In Lugosch v. Pyramid Co. of Onondaga, the Second Circuit enumerated the steps that a district court must take when determining whether to issue a protective order denying public access to records. 435 F.3d 110 (2d Cir. 2006).*fn31 First, a court must determine whether the documents are "judicial documents." Id. at 119. To qualify as a judicial document, "'the item filed must be relevant to the performance of the judicial function and useful in the judicial process.'" Id. (quoting Amodeo II, 44 F.3d at 145). If the documents are deemed non-judicial, then there is no presumption of public access, and the movant need only make a baseline showing of good cause in order to justify the imposition of a protective order. See Standard Inv. Chateau, No. 07 Civ. 2014, 2007 WL 2790387, at *3 (S.D.N.Y. Sept. 26, 2007). If, however, the court determines that the documents are judicial in nature, there is a presumption of public access. Id. Second, the court determines the weight of the presumption. The weight of the presumption is "governed by the role of the material at issue in the exercise of the Article III judicial power and the resultant value of such information to those monitoring the federal courts." Lugosch, 435 F.3d at 119 (quoting Amodeo II, 71 F.3d at 1049). The material at issue "will fall somewhere on a continuum from matters that directly affect the adjudication to matters that come within a court's purview solely to insure their irrelevance." Id. Finally, after the court has determined the weight of the presumption of access, "the court must 'balance competing considerations against it.'" Lugosch, 435 F.3d at 120 (quoting Amodeo II, 71 F.3d at 1050); see also Standard Inv. Chartered Inc., 2007 WL 2790387, at *3. These competing considerations include, inter alia, "the privacy interests of those resisting disclosure." Lugosch, 435 F.3d at 120 (quoting Amodeo II, 71 F.3d at 1050).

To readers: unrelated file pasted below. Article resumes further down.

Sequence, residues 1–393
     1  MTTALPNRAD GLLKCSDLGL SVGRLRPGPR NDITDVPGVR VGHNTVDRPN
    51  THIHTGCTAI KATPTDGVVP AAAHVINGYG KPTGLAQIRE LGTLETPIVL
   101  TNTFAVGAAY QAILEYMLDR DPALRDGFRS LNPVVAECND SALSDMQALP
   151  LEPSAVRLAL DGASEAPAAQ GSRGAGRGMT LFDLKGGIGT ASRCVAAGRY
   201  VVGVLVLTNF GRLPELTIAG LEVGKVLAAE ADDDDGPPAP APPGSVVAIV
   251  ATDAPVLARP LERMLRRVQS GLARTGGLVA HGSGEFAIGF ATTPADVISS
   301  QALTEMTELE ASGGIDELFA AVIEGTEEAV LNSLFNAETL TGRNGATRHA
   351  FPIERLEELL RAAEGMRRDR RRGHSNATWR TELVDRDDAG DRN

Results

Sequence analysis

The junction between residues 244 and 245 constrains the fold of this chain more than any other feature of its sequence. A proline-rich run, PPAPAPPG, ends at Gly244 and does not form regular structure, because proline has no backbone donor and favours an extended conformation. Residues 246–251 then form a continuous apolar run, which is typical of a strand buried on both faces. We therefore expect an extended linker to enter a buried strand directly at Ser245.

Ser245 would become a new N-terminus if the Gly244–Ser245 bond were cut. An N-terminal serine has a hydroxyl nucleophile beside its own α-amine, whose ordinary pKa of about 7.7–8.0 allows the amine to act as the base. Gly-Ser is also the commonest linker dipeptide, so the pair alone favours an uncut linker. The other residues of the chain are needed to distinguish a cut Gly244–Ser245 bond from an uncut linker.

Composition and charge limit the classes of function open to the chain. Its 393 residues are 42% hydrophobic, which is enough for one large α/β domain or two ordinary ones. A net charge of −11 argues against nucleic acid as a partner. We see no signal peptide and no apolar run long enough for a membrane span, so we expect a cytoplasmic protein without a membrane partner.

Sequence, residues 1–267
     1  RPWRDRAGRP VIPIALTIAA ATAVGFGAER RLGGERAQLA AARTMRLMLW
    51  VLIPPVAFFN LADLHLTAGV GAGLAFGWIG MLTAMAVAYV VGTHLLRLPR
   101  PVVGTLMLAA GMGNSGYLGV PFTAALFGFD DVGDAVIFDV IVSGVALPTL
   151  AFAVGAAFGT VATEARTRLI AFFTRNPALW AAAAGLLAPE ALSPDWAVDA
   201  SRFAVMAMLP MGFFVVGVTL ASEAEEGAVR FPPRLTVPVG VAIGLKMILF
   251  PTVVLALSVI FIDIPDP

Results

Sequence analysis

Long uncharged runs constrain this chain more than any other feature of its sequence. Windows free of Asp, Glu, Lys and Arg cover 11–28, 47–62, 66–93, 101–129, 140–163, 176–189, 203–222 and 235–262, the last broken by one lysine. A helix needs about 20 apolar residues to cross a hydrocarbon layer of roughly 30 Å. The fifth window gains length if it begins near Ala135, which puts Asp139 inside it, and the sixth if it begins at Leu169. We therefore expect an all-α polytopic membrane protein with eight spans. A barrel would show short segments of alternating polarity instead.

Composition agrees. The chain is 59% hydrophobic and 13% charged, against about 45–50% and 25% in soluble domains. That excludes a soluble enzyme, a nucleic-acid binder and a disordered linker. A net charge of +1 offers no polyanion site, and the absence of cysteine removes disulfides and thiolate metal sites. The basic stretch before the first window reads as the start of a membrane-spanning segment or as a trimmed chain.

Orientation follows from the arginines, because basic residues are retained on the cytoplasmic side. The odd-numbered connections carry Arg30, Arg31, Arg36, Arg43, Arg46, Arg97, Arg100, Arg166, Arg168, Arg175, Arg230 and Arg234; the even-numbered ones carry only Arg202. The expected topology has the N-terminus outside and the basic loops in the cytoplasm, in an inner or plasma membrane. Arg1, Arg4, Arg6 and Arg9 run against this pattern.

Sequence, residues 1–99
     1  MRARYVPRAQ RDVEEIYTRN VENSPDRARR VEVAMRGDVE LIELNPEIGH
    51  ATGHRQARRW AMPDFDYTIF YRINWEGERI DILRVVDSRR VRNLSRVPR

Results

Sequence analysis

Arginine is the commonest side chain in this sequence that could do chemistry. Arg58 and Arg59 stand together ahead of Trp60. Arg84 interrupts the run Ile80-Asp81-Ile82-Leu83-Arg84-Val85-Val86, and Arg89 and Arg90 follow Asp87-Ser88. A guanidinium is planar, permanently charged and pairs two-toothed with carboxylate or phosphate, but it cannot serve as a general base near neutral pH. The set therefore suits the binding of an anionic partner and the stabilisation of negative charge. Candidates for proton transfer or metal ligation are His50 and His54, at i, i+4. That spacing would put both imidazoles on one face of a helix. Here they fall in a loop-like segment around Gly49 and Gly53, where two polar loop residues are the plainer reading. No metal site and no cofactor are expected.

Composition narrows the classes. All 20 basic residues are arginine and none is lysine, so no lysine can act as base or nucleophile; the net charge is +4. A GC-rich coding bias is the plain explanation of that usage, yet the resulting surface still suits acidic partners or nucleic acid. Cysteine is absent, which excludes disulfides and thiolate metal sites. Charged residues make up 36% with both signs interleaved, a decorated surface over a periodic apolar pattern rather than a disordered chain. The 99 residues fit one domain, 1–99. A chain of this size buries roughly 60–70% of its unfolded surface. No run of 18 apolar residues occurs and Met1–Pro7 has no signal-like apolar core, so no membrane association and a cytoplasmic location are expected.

The Court reviews Proskauer's request to seal portions of the PSAC in light of this three step analysis. First, the PSAC is clearly a judicial document. As noted in Section II.A of this Opinion, supra, Plaintiff's Motion to File a Proposed Second Amended Complaint is assessed under Rule 12(b)(6). Under Rule 12(b)(6), the Court assesses Plaintiff's claim by determining whether Plaintiff has alleged "enough facts to state a claim to relief that is plausible on its face." Bell Atl., 127 S.Ct. at 1974. The 12(b)(6) motion depends entirely upon the legal sufficiency of Plaintiff's pleadings. See Newman, 103 F.3d at 662 ("In considering a motion to dismiss for failure to state a claim under Fed.R.Civ.P. 12(b)(6), a district court must limit itself to facts stated in the complaint or in documents attached to the complaint as exhibits or incorporated in the complaint by reference." (quoting Kramer v. Time Warner, Inc., 937 F.2d 767, 773 (2d Cir. 1991)). As a result, the Plaintiff's Proposed Second Amended Complaint must necessarily be a judicial document -- the Motion currently before the Court hinges on the Court's assessment of the adequacy of the allegations in that document.*fn32

Second, the weight of that presumption should be considerable, for many of the same reasons just enumerated. The Motion currently before the Court pertains to the legal sufficiency of the document that Proskauer would like to seal: Plaintiff's Proposed Second Amended Complaint. As a result, public access to the PSAC is necessary to monitor the decision of the Court. Without access to the PSAC, the public would be unable to "assess the correctness of the judge's decision." See Lugosch, 435 F.3d at 120 (quotations omitted).